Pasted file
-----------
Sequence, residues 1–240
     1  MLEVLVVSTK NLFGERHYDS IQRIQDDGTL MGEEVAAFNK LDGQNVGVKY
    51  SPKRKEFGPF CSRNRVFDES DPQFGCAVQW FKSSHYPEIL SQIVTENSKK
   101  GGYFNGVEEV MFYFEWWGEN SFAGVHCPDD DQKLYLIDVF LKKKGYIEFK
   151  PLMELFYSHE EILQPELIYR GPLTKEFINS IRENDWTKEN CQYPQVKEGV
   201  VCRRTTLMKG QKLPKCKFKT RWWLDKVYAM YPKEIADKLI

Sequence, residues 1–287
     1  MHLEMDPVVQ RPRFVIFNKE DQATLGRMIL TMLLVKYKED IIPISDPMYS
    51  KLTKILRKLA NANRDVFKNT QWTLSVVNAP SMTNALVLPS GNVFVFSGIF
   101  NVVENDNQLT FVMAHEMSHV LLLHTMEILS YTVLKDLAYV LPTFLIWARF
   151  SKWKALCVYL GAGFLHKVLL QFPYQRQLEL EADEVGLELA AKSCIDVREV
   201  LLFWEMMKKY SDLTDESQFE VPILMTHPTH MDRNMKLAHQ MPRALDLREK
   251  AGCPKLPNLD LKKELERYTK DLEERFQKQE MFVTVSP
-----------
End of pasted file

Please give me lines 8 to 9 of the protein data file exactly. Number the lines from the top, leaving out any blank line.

     1  MHLEMDPVVQ RPRFVIFNKE DQATLGRMIL TMLLVKYKED IIPISDPMYS
    51  KLTKILRKLA NANRDVFKNT QWTLSVVNAP SMTNALVLPS GNVFVFSGIF